Rose Annual 120-122 (1969)
TRIPLOIDS IN ROSE BREEDING, AVOID OR SEEK?
Percy H. Wright
Saskatoon, Saskatchewan, Canada
BEFORE considering whether the rose breeder should seek or avoid the origination of triploids, it will be best to describe what diploids, triploids, and tetraploids are. To be sure, the word "Tetra" is now freely used to describe tetraploid snapdragons and other flowers, but using the word does not automatically mean understanding it.
A diploid living cell, whether of an animal or a plant, is a call of normal size and normal gene contents. If the wall between two such cells is never formed in the process of cell division, the gene contents of two cells will flow together within the one cell, and such a cell is called a tetraploid cell. Every gene in it is present twice over. It is as though a truck had not only a spare tire for use in emergency, but had all four (or more) tires in duplicate, not tucked away inside the body, but on the wheels and used at all times. Obviously, if a gene becomes defective through some unusual circumstance, the duplicate will carry on. This is an advantage to the seedling plant, but has its dangers too. It means that a tetraploid race is more likely to become overloaded with defective genes than a diploid one.
When a diploid is crossed with a tetraploid, the descendant seedling will have 1 1/2 times the normal gene count, or be a triploid. Triploids have very low fertility. They rarely produce egg cells, but pollen cells are produced in such prodigious numbers that it is practicable to use triploid roses as pollen parents. The viable pollen cells will be of two kinds, some of them of the count suitable for diploid plants, and some of them suitable for tetraploid plants.
The first Hybrid Teas resulted from crossing Tea roses (diploid) with native European roses, Gallicas and their relatives (tetraploids). They were, therefore, triploids. But, when the pollen of these triploids was used on the Gallicas again, enough pollen with the larger gene count was produced to result in tetraploid Hybrid Teas, and after this step was once taken, most Hybrid Teas were tetraploids from then on.
The possibility of breeding a diploid species of rose with a tetraploid and thereby getting its gene material for the improvement of rose beauty, has been amply demonstrated in the origination of the Hybrid Teas, and so the procedure is known and can be used again as often as wished. However, the rose breeder who sets out to use diploids to improve tetraploids, or tetraploids to improve diploids, is embarking on a long term project requiring much more work and patience than if he could achieve the same results by keeping within either the diploid or the tetraploid group.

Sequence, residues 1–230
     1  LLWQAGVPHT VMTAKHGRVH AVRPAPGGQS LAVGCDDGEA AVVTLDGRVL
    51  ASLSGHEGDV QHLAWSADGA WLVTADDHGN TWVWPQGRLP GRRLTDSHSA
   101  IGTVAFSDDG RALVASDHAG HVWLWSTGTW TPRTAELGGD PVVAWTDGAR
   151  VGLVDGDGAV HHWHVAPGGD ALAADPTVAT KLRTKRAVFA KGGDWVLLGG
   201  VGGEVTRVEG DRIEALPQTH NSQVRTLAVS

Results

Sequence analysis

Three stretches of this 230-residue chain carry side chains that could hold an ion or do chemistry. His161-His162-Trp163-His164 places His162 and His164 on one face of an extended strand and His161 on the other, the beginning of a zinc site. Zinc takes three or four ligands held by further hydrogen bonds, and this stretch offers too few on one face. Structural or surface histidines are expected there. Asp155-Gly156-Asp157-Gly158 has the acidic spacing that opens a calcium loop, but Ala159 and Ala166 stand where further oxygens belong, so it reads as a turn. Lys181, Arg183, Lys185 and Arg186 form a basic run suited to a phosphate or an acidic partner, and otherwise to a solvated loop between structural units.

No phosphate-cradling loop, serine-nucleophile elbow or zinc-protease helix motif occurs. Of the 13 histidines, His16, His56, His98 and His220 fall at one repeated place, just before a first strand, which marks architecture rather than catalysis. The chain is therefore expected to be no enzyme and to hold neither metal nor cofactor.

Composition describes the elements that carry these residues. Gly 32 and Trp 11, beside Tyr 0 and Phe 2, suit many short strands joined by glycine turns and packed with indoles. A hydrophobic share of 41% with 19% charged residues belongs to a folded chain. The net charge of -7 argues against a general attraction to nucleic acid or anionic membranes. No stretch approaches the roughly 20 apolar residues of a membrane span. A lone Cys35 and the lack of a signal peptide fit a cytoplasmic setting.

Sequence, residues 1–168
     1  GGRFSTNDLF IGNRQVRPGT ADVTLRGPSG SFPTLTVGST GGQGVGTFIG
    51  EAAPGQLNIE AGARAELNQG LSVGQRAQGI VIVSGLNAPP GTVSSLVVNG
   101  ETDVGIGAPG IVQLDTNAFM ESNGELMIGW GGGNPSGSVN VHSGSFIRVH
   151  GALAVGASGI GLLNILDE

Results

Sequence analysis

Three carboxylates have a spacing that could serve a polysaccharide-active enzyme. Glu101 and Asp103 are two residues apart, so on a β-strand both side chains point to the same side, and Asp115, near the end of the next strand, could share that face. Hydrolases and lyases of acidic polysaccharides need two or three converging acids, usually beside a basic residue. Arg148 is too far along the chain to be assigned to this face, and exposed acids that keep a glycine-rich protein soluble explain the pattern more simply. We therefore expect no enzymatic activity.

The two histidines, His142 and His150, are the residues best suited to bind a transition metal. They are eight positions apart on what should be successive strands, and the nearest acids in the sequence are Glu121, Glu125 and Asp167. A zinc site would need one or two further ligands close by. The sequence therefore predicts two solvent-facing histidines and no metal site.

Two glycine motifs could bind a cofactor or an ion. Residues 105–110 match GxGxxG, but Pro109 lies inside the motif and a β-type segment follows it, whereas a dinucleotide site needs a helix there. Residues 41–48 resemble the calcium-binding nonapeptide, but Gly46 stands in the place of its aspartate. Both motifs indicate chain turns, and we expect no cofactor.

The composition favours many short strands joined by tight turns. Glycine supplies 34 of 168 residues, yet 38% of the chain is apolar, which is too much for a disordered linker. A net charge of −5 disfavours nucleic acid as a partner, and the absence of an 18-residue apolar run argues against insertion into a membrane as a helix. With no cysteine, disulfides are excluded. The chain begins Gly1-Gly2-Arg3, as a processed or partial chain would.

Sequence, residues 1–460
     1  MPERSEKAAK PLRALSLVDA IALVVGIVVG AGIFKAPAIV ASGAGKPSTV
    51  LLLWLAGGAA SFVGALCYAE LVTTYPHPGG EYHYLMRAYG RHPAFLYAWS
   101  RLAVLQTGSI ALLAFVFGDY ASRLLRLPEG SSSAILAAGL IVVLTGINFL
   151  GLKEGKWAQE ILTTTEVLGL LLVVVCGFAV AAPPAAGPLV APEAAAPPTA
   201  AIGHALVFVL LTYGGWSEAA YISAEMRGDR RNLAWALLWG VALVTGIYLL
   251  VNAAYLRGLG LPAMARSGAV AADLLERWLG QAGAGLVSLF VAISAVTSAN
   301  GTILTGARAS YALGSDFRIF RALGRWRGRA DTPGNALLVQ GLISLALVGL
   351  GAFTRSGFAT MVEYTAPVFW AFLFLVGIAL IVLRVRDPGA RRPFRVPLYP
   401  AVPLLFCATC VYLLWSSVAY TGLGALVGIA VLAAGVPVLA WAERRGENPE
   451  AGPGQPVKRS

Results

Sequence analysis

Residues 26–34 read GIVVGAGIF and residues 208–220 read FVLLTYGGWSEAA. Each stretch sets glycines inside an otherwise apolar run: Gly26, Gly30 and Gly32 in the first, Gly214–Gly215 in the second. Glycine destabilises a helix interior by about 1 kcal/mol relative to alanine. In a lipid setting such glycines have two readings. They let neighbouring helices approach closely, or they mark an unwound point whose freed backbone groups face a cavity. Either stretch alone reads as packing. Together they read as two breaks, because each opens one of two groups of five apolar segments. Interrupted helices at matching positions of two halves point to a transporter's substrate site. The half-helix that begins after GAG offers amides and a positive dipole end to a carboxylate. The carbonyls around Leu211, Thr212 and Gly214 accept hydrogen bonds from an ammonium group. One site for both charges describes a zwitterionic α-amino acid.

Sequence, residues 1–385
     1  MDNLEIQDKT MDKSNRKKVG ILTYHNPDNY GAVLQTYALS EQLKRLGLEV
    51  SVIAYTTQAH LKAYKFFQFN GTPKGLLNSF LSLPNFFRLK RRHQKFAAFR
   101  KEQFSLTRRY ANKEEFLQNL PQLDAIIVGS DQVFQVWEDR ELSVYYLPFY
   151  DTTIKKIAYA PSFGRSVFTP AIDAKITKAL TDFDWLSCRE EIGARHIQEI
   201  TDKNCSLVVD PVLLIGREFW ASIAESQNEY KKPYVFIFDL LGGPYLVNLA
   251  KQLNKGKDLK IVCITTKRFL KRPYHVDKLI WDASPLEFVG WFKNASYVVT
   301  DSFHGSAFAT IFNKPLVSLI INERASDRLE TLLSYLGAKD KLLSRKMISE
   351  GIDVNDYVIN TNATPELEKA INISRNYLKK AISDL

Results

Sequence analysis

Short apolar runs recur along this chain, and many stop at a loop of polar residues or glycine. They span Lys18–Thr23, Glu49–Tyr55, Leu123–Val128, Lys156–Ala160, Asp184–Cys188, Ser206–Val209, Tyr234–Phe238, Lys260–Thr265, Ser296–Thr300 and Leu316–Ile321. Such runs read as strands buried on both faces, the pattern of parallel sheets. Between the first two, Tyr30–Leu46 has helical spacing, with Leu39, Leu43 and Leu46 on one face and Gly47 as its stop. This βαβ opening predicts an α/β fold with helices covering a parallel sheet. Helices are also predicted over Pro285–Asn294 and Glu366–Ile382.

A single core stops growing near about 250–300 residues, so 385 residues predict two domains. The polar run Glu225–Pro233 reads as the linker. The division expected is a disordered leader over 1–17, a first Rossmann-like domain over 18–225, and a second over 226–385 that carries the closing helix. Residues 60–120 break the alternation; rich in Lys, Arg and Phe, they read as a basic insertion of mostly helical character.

Ottawa's hardy shrub rose 'Agnes' is a triploid, having been bred by putting pollen of 'Persian Yellow,' a tetraploid, on the pistil of a Rugosa flower, Rugosa being a diploid. Apparently no one has ever used pollen of 'Agnes' to fertilize a tetraploid rose, whether a Spinosissima or a Hybrid Tea, but there is, in theory, no reason why it should not be done. The result might well be to bring a few genes from Rugosa into Hybrid Teas, and thereby gain, perhaps, some of the hardiness and resistance to blackspot and mildew that the Hybrid Teas so urgently need.
The same pathway could be used to bring over the genes of any diploid rose species, barring other inhibiting circumstance, into the Hybrid Teas. 'Blanda' would be a good choice because of its freedom from thorns, its hardiness, and its resistance to blackspot, but not because it is resistant to mildew. 'Nitida' would be a good choice because of its dwarfness, its shiny foliage, its autumn coloration, and its pleasant tone of pink. 'Nitida,' one suspects, also inherits a gene for non-fading in sunlight. On the other hand, it transmits extremely weak flower stems. There are, of course, many other possibilities in the numerous diploid species.
Sometimes triploids seem not to inherit the qualities of their parental roses according to Mendelian Laws. I once bred from a valuable tetraploid yellow rose by putting its pollen on the rugosa hybrid 'Hansa,' and secured more than 300 seedlings. Both parents had double flowers, and yet, out of the whole 300 plus, only two had truly double flowers, of which only one was regarded as worth saving (my bicolor rose 'Musician'). In the same year I had 50 seedlings or more from the pollination of 'Hansa' by the tetraploid species Laxa, and not one of these was double. These two experiences in the same year made me resolve to make triploids as infrequently as possible.
However, after 15 years, I finally overcame the prejudice against triploids, and today I have a new rose, as yet unnamed, which I consider a real find; it is a triploid. I haven't the slightest clue to date as to when a triploid will obey the Mendelian Laws, and when it won't, or why. The thing to do seems to be to make triploids of a given cross in small numbers, and then, if the results are good, return to the battle and make them in larger numbers.
If there is any aim in rose breeding today which is urgent and yet overlooked, it is bringing over genes from species of roses hitherto not used in making Hybrid Teas, that will result in immunity to blackspot and mildew. Genetic control of these diseases is much more promising than chemical control by spraying.